Thursday, December 16, 2010

Happy Birthday, Luigi!

Happy Birthday, Ludwig van Beethoven!

In years past, I have highlighted pieces such as the Appassionata Sonata and his Wellingtons’ Victory, which show both the passionate side of Beethoven as well as his tongue-in-cheek humorous one. This year I thought I’d help round out the picture by trying something different – I want to attempt to explore more about Beethoven as a pianist rather than a composer. It’s something I, as a pianist, have wondered about but never actually researched.

You see, most classical composers were trained, and often prodigal, on the piano. They even made much of their living performing concerts of theirs and each others’ music. Beethoven was no exception. But what kind of pianist was he? What were his strengths and weaknesses?

We have to start by noting a fundamental point, and that is that Beethoven could play his own music. Only based on that can we truly deduce his talent as a pianist.

Schooled in classical keyboard technique, he no doubt was very skilled in many of the basic piano techniques, such as scales, arpeggios, trills, and finger dexterity and velocity. Call that the bar of entry for any performing pianist, and we see this on display in his earlier works, noting his first three piano sonata or bagatelles as examples.

It’s as we move to his later compositions that we really start to see signs of who he might have been uniquely as a pianist. First off, why the change? Well, I can venture to guess that:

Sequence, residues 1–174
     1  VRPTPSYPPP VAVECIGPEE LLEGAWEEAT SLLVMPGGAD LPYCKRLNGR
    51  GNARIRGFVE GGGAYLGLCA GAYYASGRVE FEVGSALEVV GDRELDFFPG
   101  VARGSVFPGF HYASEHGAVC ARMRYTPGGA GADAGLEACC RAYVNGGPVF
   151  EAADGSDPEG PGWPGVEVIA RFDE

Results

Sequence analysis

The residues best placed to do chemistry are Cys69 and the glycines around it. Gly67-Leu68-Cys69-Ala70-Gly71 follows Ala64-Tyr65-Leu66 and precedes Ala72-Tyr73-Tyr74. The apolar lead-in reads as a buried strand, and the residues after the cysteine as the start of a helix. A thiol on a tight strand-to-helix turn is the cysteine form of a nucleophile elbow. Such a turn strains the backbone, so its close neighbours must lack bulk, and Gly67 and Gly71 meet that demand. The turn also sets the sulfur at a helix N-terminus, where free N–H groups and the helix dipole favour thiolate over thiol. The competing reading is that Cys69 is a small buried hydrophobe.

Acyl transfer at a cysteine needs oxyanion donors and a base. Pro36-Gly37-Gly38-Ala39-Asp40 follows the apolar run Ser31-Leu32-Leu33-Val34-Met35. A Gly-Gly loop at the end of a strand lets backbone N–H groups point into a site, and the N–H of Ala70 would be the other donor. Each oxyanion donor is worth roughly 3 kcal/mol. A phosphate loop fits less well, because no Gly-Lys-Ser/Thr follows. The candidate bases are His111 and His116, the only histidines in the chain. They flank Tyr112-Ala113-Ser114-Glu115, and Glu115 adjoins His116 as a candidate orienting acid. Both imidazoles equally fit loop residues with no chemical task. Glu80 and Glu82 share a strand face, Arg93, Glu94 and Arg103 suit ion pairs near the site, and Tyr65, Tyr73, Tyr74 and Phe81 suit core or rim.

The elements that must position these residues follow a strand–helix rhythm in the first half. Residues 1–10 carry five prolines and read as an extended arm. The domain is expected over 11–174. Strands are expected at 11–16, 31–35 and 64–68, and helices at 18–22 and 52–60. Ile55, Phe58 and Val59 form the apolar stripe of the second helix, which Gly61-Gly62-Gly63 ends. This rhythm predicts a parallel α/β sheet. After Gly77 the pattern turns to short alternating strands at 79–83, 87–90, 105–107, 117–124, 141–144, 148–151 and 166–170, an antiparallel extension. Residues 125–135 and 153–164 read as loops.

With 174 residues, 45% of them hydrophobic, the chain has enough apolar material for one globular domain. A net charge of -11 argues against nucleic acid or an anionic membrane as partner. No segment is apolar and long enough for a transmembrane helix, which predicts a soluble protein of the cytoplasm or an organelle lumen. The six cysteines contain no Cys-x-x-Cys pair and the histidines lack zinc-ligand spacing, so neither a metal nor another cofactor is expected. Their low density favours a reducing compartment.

- He was quite simply maturing as an artist and more confident in his own musical voice (i.e., more willing to show off his playing skills)
- The piano itself was an ever-evolving instrument, and he had to continue to change his compositional style to match the latest instruments, instruments which allowed for more display of skill perhaps
- He was becoming more “romantic” in his compositions and attitude on life and it allowed him to step out of traditional piano playing “boundaries” (i.e., throw the rules out the window)
- His hearing was deteriorating which, quite simply, caused him to have to play louder!

Regardless of the cause, in close examination of these later works, we can perhaps truly gather some clues in his compositions that might reveal who he might’ve been as a pianist (again, noting that he could play his own works):
- Chords rather than arpeggios: When you take a piece like the Appassionata, you can see that Beethoven had no fear of inserting bombastic chords into his writing. More evidence of this comes in works such as the Emperor Piano Concerto and Hammerklavier Sonata as well. That tells us that not only could newer pianos take the pounding, but that Beethoven must have had great finger strength and pianistic force to pull this off as a performer. Previous composers such as Mozart and Haydn rarely delved that deeply into powerful chords, opting more often to break up the chords.
- Broken octaves: another element we often see in his piano music is the use of broken octaves, rolling up and down scales. What I mean by this is rather than playing a C octave to a D octave to an E octave and onwards, what Beethoven will often do is break the C octave into first the low note and then the high note, do the same for the D, the E, and so on. It’s another skill that modern pianists have to learn – how to roll the wrists to achieve this but also how to constantly position your fingers so that each note is adequately prepared for. And when Beethoven used this technique, it often came at great velocity, which makes it even more difficult. A great example of this technique is in the 3rd movement of the Tempest Sonata (0:30 in and 1:00 in).